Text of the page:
Info: https://www.facebook.com/events/191179184950584/

8. Wednesday, 6:30pm – 8:30pm, APTP General Mting/Resurrecting the Legacy of Malcolm X (El Hajj Malik El Shabazz) 

East Side Arts Alliance
2277 International Blvd

Repurposing the APTP meeting this month for the following Black Solidarity Week Event:
We will gather to remember and celebrate the legacy of Malcolm X (El Hajj Malik El Shabazz),who was assassinated on this day in 1965. Due to consistent attacks, misrepresentation and erasure of his work and his critical impact, it is essential to resurrect, protect, and maintain his legacy. This vigil will begin the countdown to our Honoring the Legacy Event to be held on May 19, 2018. This is a Black Solidarity Week Traditions & Ways Event. Sponsored by Black Solidarity Week and the Community Ready Corps.

Info: https://www.facebook.com/events/305615336626291/

9. Wednesday, 7:00pm – 9:00pm, The Ongoing Crisis in Syria 

The Women’s Building
3543 18th St.

On January 20, Turkey began its assault on Afrin, one of three Kurdish-majority cantons that make up a semi-autonomous region where Kurds predominate, commonly known as Rojava. The consequence of this intervention? Escalated tensions across the region, and more suffering for victims on all sides. Turkey’s invasion is a new front in the seven-year-old civil war in Syria, and a further complication in a twisted situation in which different forces of counterrevolution are both collaborating with each other and competing to project their interests, with ordinary people on all sides in Syria paying the deadly price. Join us for a conversation about recent events in Syria, and what it means for the Syrian people.

Host: International Socialist Organization

Info: https://www.facebook.com/events/1824154590936610/

Thursday, February 22 

10. Thursday, 8:00am – 12Noon, Free Floricel – Pact the Court // Liberen A Floricel

630 Sansome St.

Rally: 8AM
Hearing: 9AM

Must have ID to enter building.

After 8 months of being in detention, Floricel’s bond was denied on 12/5/2017. Her immigration attorney escalated Floricel’s case to the District Federal court and filed a habeas petition to denounce the unlawful detention of Floricel. Floricel’s petition was granted.

Today will be a new bond hearing, she is so close to getting reunited with her children after 10 months of being in detention!! Please join family, friends and community as well as faith leaders as we rally and pack the court to #FreeFloricel!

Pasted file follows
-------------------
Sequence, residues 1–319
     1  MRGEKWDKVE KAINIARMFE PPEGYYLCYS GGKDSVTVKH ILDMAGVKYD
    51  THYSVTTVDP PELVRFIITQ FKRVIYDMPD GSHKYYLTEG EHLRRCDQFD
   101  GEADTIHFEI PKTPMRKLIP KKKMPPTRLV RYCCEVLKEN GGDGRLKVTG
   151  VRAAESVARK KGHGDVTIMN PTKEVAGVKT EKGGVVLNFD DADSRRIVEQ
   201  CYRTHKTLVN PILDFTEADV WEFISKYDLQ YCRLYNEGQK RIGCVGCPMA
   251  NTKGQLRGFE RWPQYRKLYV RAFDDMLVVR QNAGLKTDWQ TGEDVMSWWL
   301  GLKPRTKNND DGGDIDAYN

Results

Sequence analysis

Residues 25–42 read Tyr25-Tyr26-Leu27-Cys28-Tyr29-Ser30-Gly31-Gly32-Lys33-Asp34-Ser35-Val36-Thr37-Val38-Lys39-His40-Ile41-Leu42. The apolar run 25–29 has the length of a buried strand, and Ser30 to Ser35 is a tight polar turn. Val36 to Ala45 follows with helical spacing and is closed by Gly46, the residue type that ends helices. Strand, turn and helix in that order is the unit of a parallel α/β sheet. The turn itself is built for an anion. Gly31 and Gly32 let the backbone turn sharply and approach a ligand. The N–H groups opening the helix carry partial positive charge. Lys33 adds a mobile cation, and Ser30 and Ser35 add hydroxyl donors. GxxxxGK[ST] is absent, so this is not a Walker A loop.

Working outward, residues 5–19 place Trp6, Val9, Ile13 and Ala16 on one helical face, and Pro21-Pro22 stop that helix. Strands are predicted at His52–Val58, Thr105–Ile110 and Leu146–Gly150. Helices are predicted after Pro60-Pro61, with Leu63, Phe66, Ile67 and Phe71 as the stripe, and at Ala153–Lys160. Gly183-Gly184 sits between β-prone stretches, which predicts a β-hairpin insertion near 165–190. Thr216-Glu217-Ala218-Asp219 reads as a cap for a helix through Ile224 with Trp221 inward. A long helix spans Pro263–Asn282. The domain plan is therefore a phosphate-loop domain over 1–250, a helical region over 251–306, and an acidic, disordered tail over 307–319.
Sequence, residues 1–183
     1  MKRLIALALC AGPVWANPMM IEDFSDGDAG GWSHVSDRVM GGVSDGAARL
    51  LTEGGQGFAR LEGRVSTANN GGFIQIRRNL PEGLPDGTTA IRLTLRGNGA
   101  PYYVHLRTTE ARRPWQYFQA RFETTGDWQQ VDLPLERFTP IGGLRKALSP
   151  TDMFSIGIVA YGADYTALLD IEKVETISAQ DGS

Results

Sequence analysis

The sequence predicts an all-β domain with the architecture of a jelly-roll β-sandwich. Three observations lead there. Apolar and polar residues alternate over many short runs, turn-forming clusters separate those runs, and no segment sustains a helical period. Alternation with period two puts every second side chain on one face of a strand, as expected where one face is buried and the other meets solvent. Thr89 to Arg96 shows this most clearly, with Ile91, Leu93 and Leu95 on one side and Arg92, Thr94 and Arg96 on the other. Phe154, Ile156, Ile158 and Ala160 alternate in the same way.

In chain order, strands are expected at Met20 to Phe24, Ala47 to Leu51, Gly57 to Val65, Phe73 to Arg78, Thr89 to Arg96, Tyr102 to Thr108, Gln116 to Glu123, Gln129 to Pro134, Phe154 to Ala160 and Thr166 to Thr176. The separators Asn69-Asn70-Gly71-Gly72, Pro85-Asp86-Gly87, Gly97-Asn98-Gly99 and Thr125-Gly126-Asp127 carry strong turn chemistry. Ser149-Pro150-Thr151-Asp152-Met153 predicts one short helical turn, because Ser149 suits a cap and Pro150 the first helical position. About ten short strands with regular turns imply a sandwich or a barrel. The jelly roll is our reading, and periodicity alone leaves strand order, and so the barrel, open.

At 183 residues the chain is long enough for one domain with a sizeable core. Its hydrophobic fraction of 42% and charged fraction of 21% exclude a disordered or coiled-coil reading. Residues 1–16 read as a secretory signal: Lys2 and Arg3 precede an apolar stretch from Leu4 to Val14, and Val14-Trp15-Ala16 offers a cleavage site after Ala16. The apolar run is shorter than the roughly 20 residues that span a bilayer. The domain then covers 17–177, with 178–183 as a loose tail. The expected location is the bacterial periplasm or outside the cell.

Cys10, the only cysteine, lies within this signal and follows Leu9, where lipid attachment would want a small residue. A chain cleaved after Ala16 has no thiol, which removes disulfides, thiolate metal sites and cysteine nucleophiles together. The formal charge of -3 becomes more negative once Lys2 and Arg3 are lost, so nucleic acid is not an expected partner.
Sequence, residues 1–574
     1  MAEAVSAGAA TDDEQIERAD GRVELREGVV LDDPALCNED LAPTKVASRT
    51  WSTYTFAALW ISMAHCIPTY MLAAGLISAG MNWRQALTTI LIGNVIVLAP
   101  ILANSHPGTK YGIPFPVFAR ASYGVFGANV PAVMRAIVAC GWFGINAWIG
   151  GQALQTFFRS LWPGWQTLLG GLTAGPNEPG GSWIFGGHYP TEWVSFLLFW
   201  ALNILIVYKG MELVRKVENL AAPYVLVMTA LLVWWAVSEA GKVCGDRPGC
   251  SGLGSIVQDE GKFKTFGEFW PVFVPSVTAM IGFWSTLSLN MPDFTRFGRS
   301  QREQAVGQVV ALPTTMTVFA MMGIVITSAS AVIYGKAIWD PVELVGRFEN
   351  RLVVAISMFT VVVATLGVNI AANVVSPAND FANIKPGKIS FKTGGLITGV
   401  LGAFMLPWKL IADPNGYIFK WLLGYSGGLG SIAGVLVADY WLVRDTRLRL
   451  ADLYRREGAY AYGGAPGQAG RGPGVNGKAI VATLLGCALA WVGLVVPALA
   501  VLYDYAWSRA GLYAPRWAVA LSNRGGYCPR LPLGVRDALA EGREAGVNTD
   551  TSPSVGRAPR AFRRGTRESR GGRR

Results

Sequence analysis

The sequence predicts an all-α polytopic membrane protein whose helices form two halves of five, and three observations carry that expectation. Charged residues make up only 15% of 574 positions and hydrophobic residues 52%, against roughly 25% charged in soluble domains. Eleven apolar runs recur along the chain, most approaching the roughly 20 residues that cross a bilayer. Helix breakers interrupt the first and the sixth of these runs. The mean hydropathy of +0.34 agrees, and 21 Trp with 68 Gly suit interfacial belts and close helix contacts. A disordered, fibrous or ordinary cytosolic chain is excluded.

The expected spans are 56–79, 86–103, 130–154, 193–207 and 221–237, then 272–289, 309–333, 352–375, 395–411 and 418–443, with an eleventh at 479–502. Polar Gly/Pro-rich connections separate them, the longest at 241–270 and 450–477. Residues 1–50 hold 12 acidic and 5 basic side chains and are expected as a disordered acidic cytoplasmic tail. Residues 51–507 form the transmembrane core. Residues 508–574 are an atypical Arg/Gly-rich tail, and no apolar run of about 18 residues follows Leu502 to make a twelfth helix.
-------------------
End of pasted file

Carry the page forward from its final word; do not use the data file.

Info: https://www.facebook.com/events/153729218763191/

11. Thursday, 9:00am – 12Noon, Pack the BART Board Meeting: Justice 4 Sahleem 

344 20th Street (nr. 19th Street BART)

Sahleem Tindle was murdered by BART Police Officer Joseph Mateu on January 3, 2018. Shot in the back three times. The family has since learned that Mateu is back on the job. Let’s pack the BART Board meeting on Thursday 2/22 at 9 AM.

The Family Demands:
– Release the body cam footage to the community so they can see what really happened

– Fire, Arrest and Convict Joseph Mateu

Host: APTP

Info: https://www.facebook.com/events/192508268178763/ 

 12. Thursday, 6:00pm – 9:00pm, GAZA / Ann Wright on the 2018 Freedom Flotilla & BDS 

Veterans Building
401 Van Ness Ave., Rm. 210

6:00pm – social

7:00pm – presentation

Francis Collins, opening song.

Arla Ertz speaks about her visits to Palestine.

Ash Malloy performs an excerpt from her work: “My Name Is Rachel Corrie”.

Ann Wright talks on the 2016 Women’s Boat to Gaza.

And a fundraising update on the plans for the 2018 Gaza Flotilla.

A Q&A session will follow Ann’s talk.

An update on the deteriorating conditions in Gaza and the challenges to the Israeli occupation of the West Bank and Gaza.

Ann Wright is a retired US Army Colonel & former US diplomat. She resigned from the US government in 2003 over the war on Iraq. She has been on 3 flotillas.

Hosts: Veterans for Peace Chapter 69 and SF Codepink

Info: https://www.indybay.org/newsitems/2018/01/23/18806172.php

13. Thursday, 7:00pm – 9:00pm, The FBI Black Identity Extremist Designation & Black Liberation 

Laney College
900 Fallon St., Rm. D200

Sliding Scale Donation: $5-$20 (no one turned away for lack of funds)

The FBI’s Black Identity Extremist Designation and Black Liberation

Thomas Mariadason, member, National Lawyers Guild San Francisco Bay Area Chapter
Liz Derias-TyehimbaThe Center for Political Education
Kiilu Nyasha, former Black Panther and host of Freedom is a Constant Struggle
Tur-ha AkCommunity READY Corps
Woods ErvinTGI Justice Project (TGIJP)
Zoé Samudzi, writer and activist 

Last summer, the FBI’s Counterterrorism Division issued a memo about what it designated as “black identity extremists” (BIE), warning of an increase in “premeditated, retaliatory lethal violence against law enforcement” at their hands. This designation fits within a long line of federal law enforcement efforts to suppress Black liberation movements in the US and to threaten and intimidate Black organizers, activists and their allies. What are the implications of this latest designation, what does it tell us about law enforcement strategy, and what can we do to resist it?

Host: Center for Political Education & National Lawyers Guild San Francisco Bay Area

Info: https://www.facebook.com/events/1684861564885270/ 

Friday, February 23